MADISON, Wis. — When Scott Walker ran for Governor in 2010 his campaign featured an ad in which he touted his driving a 1998 Saturn as proof of his frugality. A new digital ad from One Wisconsin Now opens with that scene, and then cuts to eight years later when, based on their ongoing investigation, Walker has traded in driving himself for being flown around the state for personal, campaign and official business in state airplanes, at taxpayer expense.
“Scott Walker has ditched the ‘98 Saturn and taken to the air,” said One Wisconsin Now Executive Director Scot Ross. “His new motto is ‘I fly, you buy’ and our research and ad shows Scott Walker is not the same guy he’s been trying to sell to Wisconsin.”
Since ending his presidential run on September 21, 2015 and undertaking a desperate campaign to rehabilitate his damaged political image in Wisconsin, Walker took to the air flying an astounding 993 times at an expense to taxpayers of nearly $1 million through July of 2018.
An investigation by the New York Times into the air travel of New York Governor Cuomo provides some perspective on how outrageous the frequent flying of Scott Walker is when compared to the chief executives of other states. In 2017, Walker flew nearly three times more than the New York governor, who himself far outpaced the air travel of the governors of the ten most populous states in the nation.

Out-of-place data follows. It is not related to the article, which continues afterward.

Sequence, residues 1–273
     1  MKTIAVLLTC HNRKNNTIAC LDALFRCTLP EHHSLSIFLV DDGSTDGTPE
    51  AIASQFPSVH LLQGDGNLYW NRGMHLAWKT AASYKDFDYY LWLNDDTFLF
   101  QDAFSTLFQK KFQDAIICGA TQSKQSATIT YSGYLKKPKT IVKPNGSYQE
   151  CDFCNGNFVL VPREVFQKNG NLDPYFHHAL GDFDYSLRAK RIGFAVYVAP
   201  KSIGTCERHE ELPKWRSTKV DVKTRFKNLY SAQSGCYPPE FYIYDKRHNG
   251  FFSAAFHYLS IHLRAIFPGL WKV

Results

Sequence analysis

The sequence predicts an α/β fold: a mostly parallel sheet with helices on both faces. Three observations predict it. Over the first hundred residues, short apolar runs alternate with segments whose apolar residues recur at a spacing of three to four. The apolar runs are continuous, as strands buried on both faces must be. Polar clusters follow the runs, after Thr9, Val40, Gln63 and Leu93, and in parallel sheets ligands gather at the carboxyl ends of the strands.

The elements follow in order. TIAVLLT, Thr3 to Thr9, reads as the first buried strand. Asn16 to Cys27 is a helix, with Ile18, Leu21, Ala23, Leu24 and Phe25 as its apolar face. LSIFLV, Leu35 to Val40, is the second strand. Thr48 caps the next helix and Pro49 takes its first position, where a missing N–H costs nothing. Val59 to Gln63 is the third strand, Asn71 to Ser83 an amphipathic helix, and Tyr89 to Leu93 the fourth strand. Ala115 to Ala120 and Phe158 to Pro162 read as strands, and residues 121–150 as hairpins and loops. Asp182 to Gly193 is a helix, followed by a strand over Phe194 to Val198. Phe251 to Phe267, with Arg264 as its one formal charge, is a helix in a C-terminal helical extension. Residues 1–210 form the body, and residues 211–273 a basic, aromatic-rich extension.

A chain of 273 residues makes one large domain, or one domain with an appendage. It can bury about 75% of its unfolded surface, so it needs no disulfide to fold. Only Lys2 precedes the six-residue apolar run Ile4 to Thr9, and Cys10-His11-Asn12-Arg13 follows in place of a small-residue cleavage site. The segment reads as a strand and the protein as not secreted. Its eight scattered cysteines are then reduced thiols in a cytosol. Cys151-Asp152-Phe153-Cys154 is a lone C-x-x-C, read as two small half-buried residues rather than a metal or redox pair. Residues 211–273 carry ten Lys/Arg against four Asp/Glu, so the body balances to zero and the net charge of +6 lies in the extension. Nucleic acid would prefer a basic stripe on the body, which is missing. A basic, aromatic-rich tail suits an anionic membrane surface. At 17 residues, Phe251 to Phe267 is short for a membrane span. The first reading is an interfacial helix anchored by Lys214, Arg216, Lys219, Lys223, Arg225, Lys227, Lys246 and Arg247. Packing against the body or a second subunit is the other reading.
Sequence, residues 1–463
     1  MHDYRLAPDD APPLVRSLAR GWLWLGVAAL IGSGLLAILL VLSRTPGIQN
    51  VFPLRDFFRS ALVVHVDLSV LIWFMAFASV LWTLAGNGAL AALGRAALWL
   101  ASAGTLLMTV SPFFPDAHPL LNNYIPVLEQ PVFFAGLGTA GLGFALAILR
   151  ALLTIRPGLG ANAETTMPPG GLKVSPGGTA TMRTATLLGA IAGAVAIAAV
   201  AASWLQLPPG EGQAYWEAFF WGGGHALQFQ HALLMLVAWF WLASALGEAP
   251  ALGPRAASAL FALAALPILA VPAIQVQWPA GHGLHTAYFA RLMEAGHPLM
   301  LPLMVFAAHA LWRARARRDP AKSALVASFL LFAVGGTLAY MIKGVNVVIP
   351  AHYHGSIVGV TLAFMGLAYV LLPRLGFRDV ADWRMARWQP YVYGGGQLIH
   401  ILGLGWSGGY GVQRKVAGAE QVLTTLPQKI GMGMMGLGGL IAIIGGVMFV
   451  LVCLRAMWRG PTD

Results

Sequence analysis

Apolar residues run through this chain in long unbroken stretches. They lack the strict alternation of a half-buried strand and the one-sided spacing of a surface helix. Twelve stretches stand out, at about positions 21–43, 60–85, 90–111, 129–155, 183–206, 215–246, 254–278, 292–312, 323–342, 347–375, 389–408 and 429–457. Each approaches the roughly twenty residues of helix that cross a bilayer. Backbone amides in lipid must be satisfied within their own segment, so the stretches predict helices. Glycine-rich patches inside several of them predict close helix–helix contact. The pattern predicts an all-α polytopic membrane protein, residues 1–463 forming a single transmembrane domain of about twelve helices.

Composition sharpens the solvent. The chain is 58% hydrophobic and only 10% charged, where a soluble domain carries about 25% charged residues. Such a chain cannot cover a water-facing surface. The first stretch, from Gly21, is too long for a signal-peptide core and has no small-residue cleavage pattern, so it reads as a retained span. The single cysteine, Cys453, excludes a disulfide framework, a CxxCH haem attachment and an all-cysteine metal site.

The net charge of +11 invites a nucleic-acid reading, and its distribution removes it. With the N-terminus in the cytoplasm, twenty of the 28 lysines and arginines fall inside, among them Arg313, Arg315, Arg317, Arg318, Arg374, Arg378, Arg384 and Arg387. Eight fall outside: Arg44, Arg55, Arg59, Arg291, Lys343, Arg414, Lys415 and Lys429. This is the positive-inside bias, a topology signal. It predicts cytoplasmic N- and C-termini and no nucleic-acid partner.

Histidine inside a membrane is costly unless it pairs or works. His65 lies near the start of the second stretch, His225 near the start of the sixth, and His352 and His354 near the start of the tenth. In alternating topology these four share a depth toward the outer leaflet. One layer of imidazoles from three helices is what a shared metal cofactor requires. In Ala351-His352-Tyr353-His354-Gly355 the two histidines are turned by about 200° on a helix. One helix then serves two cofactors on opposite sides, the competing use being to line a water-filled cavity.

It’s not just the frequency of Walker’s flying that’s raised eyebrows. According to One Wisconsin Now’s research, among the nearly 1,000 flights they reviewed is air travel billed to taxpayers so Walker could get a haircut before attending the funeral of a major donor and an NRA event and so he could get back to Madison from Green Bay on a Saturday in time to attend a Badger football game.
Scott Walker’s air travel has also run afoul of the law prohibiting using state resources to benefit political campaigns when, on July 17, he flew to Northern Wisconsin to film a television ad for his campaign and billed the flight to taxpayers. The governor has refused to reimburse for the flight despite clear evidence that his alibi, scheduling a public event after arranging his campaign schedule, was an attempt to evade the law.
Ross concluded, “Getting a haircut, making it to a football game on time, filming campaign ads — these are all instances of Scott Walker’s serial misuse and abuse of flying on state planes. He’s traveled a long way since 2010, and he’s sticking taxpayers with the tab.”
One Wisconsin Now’s research is available to the public at onewi.org/ScottWalkerAIR.